4. Use evidence to invest limited tax dollars in what works. The previous recommendations focus on building the evidence base, but policymakers also need to make decisions based on evidence to improve the effectiveness of government. There are a variety of ways to do this. The tiered-evidence approach has gained momentum in recent years, where competitive grant programs reward grantees with greater levels of evidence with greater funds, while new, promising programs that need to be tested get fewer funds, and all programs participate in evaluations to increase learning and improve over time. The Investing in Innovation Fund (i3) and Social Innovation Funds, discussed earlier, are examples of this approach. Pay for Success is also a promising idea, where the government promises to pay only after a program delivers specified results, and government could certainly strengthen performance-based contracting.
5. Direct funds away from what consistently fails to achieve outcomes. I know it is never politically popular to discuss ending programs, but if we continue to fund what does not work, we fail to serve the American people. There are sensible ways to do this. One is to ask low-performing grantees to improve and re-compete for funding. Head Start does this now, and the policy was part of a bipartisan reauthorization of that program in 2007. When consistent and reliable evaluations show that program outcomes are weak, those programs should be given a reasonable time to improve or have their funds shifted to other proven programs.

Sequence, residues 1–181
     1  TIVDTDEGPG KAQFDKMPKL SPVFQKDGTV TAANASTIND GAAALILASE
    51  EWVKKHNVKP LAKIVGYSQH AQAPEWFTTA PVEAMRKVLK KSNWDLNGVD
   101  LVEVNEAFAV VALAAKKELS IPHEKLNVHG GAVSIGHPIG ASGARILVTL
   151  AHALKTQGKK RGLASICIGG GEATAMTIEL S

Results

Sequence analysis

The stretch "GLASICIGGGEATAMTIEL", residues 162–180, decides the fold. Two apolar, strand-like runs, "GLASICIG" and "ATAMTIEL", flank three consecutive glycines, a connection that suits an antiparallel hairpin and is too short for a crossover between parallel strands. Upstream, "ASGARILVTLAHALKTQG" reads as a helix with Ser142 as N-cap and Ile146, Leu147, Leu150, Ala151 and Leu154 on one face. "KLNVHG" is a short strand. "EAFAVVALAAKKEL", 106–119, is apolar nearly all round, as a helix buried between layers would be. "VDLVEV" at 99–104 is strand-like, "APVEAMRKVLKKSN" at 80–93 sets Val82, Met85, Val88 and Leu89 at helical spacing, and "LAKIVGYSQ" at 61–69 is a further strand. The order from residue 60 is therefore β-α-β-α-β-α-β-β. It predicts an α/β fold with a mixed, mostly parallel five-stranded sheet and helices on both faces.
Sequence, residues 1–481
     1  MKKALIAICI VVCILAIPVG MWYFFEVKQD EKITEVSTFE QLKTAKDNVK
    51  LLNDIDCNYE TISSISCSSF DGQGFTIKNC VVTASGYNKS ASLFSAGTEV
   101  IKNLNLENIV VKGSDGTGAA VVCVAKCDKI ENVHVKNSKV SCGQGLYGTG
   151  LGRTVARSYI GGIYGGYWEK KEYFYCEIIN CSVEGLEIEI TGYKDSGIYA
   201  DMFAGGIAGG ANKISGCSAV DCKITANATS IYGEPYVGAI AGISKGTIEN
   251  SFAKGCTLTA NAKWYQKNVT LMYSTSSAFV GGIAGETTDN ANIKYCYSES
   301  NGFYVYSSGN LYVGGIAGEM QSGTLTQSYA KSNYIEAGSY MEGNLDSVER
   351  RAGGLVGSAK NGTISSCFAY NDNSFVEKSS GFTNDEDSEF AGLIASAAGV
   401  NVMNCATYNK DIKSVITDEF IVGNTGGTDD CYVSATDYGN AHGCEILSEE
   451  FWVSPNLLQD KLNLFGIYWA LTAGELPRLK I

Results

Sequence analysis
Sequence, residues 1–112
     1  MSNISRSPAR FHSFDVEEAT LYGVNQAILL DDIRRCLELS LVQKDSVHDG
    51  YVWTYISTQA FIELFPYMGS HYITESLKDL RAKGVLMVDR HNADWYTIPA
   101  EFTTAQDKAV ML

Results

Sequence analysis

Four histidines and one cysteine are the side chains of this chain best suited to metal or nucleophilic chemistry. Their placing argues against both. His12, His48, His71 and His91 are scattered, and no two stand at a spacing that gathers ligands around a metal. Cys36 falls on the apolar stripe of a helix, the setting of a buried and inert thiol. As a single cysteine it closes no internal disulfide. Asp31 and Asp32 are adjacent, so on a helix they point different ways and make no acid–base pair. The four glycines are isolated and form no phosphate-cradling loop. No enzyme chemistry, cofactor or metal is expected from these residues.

6. Create an Environment of Continuous Learning. Congress should create an environment of continuous learning, not simply an “on-off switch” when the evidence is unclear. When I served on the White House Council for Community Solutions in 2011-12, we discovered that there were 6.7 million young people disconnected from school and work and that in addition to the moral and societal imperative to help them, the cost of their disconnection to U.S. taxpayers was $93 billion annually in lost revenues and increased spending on social services. When we examined the historic and current federal response to this highly vulnerable population, we saw the dangers of simply eliminating programs that had no evidence of effectiveness.